Work is much more enjoyable at a company that respects and values its employees. In a respectful workplace, employees treat each other with dignity, regardless of position or personal beliefs. Identifying several factors that can influence respect will help ensure that you treat co-workers appropriately.
In a busy office, it’s hard not to be distracted. Phones ring and deadlines loom, which can make it difficult to give your co-worker the attention she deserves when she comes to you with a question or problem. Let voicemail take care of your messages and give your full attention to your colleague. Don’t assume you know what she’s going to say and cut her off. Avoid making faces or rolling your eyes when she talks, even if you don’t agree with her assessment or feel that the matter is trivial. The “U.S. News and World Report Money” website advises that your co-workers might be inspired to speak to you in a respectful, positive way when you treat them the same way.
Keep Your Lips Sealed
Gossip can quickly ruin working relationships. Don’t spread or start gossip, even if you’ve seen or heard a particularly juicy piece of information. You might not understand the situation or context of the conversation and might damage the person’s reputation by repeating what you saw or heard. Once others hear the gossip, they might ostracize or mock the person. Avoid all types of gossip -- both workplace and personal. It’s difficult to have privacy in an office, particularly if you work in a cubicle or in an open office. If you learn that the employee in the next cubicle has financial or marital problems, it’s best to keep that information to yourself.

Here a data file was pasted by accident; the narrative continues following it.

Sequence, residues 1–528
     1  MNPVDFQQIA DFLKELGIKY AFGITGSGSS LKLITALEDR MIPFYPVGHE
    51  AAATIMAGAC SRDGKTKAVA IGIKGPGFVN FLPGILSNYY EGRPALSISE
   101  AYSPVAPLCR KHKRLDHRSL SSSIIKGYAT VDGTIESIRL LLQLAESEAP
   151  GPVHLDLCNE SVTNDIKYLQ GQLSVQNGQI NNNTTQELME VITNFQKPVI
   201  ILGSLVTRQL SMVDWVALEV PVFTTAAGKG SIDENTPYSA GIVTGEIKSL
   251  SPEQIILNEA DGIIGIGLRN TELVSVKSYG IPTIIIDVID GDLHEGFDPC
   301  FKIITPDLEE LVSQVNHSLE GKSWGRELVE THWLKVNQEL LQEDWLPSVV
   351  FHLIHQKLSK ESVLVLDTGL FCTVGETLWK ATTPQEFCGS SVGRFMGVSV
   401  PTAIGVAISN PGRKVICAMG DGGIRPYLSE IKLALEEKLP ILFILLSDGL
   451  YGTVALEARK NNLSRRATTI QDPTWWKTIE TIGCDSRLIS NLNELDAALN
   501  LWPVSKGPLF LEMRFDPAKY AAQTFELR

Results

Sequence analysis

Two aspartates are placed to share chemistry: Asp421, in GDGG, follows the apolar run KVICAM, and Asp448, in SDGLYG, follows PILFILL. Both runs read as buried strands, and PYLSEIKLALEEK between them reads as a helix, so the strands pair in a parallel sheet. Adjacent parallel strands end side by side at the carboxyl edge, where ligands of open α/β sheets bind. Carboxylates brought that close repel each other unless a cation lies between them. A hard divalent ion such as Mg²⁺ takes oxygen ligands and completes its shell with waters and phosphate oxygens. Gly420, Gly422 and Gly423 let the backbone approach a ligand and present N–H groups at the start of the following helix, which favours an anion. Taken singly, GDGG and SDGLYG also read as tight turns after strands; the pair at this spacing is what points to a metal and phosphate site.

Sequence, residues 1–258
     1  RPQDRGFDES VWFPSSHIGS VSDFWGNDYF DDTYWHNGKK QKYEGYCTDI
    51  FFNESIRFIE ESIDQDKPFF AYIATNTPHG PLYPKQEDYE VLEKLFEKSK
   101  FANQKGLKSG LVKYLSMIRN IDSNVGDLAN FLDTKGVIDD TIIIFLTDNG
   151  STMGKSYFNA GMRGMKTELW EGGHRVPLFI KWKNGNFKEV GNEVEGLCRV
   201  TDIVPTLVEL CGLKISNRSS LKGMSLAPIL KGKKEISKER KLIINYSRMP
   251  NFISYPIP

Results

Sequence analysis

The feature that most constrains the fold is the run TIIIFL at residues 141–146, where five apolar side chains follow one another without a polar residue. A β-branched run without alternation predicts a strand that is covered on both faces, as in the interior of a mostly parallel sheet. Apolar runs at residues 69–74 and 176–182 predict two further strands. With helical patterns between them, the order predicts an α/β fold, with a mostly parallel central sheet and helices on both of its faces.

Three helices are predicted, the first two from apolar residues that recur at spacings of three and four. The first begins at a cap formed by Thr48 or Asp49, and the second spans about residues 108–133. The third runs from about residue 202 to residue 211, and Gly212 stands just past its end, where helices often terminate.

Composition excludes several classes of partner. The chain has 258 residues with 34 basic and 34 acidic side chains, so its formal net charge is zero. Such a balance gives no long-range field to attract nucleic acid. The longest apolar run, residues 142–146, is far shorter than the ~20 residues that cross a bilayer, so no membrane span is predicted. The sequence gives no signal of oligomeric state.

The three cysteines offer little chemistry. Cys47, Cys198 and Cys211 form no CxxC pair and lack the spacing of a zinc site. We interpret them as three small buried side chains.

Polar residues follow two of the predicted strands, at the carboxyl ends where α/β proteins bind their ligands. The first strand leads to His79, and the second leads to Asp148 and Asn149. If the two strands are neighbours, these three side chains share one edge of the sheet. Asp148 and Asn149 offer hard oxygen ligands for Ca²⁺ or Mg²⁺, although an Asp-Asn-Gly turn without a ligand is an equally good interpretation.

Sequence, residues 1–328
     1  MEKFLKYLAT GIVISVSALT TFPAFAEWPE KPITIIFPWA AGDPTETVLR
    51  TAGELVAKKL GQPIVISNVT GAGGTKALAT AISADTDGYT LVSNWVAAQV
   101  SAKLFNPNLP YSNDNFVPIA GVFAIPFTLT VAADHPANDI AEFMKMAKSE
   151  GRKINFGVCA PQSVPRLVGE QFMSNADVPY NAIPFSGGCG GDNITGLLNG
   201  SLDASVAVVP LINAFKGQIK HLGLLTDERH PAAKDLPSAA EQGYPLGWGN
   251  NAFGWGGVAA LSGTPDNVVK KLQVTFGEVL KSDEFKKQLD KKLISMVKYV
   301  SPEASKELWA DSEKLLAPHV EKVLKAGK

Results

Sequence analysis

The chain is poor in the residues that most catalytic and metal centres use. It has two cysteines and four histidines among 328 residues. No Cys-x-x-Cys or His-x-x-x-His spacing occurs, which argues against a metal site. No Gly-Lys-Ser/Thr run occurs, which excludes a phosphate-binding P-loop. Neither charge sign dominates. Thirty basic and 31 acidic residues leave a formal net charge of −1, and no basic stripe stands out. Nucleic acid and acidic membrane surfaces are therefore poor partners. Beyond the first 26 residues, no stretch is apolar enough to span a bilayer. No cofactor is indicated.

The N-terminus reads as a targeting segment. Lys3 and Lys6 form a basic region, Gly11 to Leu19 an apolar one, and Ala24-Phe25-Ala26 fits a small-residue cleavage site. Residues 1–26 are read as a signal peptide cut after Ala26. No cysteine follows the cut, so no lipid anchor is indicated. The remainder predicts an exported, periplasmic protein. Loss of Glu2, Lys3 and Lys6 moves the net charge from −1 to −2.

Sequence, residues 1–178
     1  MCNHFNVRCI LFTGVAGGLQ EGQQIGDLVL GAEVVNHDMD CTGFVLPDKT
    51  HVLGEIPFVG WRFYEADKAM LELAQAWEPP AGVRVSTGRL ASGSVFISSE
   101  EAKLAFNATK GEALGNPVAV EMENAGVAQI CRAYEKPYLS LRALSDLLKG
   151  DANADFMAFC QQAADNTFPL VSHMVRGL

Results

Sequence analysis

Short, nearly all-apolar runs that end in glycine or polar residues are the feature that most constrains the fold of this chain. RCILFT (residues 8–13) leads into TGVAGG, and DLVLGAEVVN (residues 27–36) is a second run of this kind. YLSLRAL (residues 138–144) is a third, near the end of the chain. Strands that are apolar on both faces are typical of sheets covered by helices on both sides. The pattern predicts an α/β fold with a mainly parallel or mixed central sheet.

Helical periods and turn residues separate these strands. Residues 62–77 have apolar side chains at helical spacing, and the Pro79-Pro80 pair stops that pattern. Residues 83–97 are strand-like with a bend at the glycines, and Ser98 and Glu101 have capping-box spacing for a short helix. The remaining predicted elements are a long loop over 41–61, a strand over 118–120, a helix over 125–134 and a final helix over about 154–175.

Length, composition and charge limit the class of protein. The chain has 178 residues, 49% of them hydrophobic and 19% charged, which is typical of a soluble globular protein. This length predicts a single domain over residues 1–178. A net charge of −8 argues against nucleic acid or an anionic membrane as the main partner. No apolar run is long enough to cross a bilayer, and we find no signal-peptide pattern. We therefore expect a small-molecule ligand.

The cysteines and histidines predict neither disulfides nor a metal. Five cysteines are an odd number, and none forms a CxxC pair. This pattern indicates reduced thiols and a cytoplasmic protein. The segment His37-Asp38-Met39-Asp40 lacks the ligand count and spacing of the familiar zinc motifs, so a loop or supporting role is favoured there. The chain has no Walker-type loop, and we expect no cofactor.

You’re likely to meet people at work from a variety of races, sexes, ages, ethnic backgrounds and religions. Although these people aren’t exactly like you, you might find they have valuable experience and insights if you take the time to get to know them. It might take a little extra effort to include everyone. In some cases, you might have to draw out a reticent employee, particularly if she’s been ignored or belittled by other employees in the past.
Lead with Respect
Treating people with dignity is especially important if you’re a supervisor. Your words and actions have a tremendous impact on the way your employees feel about themselves and their value to your department. If you must correct or reprimand an employee, do it behind closed doors and don't discuss the issue with anyone else. Be sure to point out positives and show appreciation to employees for good work. Don’t impose drastic changes without employee input and discussion. Although it might be necessary to make a change, such as changing work hours, employees are much more likely to adjust to the new schedule if you involve them in the process and listen to their suggestions and concerns.
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